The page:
THE continuing plight of widows globally has been identified as a threat to the realisation of Millennium Development Goals, MDGs numbers one, three and eight which seek to end poverty, promote gender equality and engender global partnership.
Most widows are said to live below poverty line, suffer gender discrimination and neglect by government, civil society organisations and the communities they live in. It is a situation still begging for comprehensive interventions at all levels.
This urgency is aptly captured by the UN Secretary General, Ban Ki-Moon, while speaking ahead of activities to commemorate the inaugural international widows’which will hold June 23, 2011. Said he: “We must recognise the important contribution of widows, and we must ensure that they enjoy the rights and social protection they deserve.
Death is inevitable, but we can reduce the suffering that widows endure by raising their status and helping them in their hour of need. This will contribute to promoting the full and equal participation of all women in society. And that will bring us closer to ending poverty and promoting peace around the world…”
According to ‘Women 2000’ a 2011 UN report published by the UN Division for the Advancement of Women to promote the goals of the Beijing Declaration and the Platform for Action, widows comprise a significant proportion of the population of the world women ranging from seven to 16 percent of all adult women. The report also suggests that widows worldwide constitute the greatest percentage of the poorest of the poor as they lack of education.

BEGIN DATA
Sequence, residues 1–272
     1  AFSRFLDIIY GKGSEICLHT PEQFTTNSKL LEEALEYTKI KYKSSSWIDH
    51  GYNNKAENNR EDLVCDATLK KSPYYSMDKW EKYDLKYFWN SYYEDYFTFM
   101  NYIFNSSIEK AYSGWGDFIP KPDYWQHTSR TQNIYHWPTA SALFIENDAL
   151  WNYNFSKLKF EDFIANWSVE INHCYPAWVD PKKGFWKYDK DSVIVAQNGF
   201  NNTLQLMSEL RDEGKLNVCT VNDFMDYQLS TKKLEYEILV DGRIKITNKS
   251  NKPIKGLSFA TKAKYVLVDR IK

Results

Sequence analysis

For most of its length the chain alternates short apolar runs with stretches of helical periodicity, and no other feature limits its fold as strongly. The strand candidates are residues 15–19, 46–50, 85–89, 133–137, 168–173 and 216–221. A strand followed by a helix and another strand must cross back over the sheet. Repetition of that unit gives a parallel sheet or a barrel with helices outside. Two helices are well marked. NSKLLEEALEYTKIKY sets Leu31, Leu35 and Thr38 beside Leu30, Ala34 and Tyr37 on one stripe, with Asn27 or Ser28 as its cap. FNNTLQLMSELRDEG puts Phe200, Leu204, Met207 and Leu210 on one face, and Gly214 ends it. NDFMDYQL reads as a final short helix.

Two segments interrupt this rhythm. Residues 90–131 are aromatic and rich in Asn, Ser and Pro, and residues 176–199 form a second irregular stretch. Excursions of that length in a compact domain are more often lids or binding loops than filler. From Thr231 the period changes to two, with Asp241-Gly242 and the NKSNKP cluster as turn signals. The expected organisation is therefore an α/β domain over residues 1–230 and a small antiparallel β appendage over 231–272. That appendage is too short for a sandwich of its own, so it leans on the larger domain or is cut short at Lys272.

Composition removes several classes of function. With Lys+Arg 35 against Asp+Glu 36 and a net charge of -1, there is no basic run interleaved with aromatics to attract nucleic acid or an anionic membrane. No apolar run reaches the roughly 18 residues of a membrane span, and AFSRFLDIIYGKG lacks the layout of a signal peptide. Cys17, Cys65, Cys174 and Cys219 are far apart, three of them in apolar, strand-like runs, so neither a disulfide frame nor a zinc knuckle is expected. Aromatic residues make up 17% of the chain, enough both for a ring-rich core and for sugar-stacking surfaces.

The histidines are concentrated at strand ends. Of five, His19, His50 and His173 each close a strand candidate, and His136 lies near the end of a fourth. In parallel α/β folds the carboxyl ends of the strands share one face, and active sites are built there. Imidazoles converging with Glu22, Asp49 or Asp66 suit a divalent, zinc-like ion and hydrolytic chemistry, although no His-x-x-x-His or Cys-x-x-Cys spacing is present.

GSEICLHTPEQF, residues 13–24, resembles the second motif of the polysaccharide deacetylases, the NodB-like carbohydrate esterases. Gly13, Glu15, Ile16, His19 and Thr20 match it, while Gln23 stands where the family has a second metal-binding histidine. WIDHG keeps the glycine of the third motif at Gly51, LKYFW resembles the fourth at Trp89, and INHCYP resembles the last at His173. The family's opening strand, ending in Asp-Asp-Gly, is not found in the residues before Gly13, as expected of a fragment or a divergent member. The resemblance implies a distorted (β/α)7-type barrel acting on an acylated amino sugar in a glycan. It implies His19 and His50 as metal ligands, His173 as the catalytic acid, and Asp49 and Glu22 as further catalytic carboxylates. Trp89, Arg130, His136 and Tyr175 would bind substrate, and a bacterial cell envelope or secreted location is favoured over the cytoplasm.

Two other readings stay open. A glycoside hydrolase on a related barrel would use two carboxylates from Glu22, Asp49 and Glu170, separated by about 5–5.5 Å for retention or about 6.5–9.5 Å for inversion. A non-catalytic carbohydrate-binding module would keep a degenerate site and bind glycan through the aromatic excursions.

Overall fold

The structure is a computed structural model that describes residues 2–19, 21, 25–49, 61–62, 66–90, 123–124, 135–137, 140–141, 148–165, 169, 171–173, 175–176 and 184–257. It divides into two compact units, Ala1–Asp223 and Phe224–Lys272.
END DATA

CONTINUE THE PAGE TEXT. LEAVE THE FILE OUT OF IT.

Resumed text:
Widows outnumber widowers
The report also indicates that widows far outnumber widowers globally. It also revealed that there are more elderly widows in developed countries while there are younger widows in developing countries. This is attributable to the high incidence of armed conflict, HIV/AIDS and poverty in the developing countries of Africa including Nigeria.
There are efforts internationally to intervene on widowhood issues but these amounts to a drop in the ocean compared to the weight of the issue. Key actors in Nigeria include the Federal/States Ministry of Women Affairs and Social Development, the church, civil society and private initiatives. However, a lot of these actions are ad hoc in nature and lack coherent and sustainability elements hence, the need for comprehensive and sustained interventions.
However, in some states, there just might be a ray of hope. Aligning with the world agenda, Obioma Liyel-Imoke, wife of the Cross River State Governor, will launch another initiative – GLOW, an acronym for Giving Life Options to Widows, on June 23 2012, to mark the World Widows Day. The project will be implemented by POWER – Partnership Opportunities for Women’s Empowerment Realisation, an NGO which she founded in 2007.
GLOW aims to improve the quality of life of widows in Cross River State. Some of the mid to long term realisations of the GLOW project according to a document from the Office of the Wife of the Governor signed by Project Director, Tammie Kammonke, are: enhanced livelihood options for 1,980 widows across the 18 Local Government Areas in Cross River State through access to skills training, micro finance and micro enterprise services; increased cooperation between and among widows and widows-focused organisations through the formation of widows cooperatives and networking, increased public awareness on widowhood issues in the State through information, education and communication, IEC, activities, enabling policy environment for widows through an advocacy campaign targeted at policy makers amongst other things. Target date for achieving these objectives is 2015.
To ensure sustainability of the project, implementation will be phased, starting with a pilot to a scale up phase to ensure the methodology is tested for best result and best practices. Though statistics of widows in Cross River State are not readily available, according to project director Kammonke, there are a significant number of widows in Cross River State and a need to respond to their needs.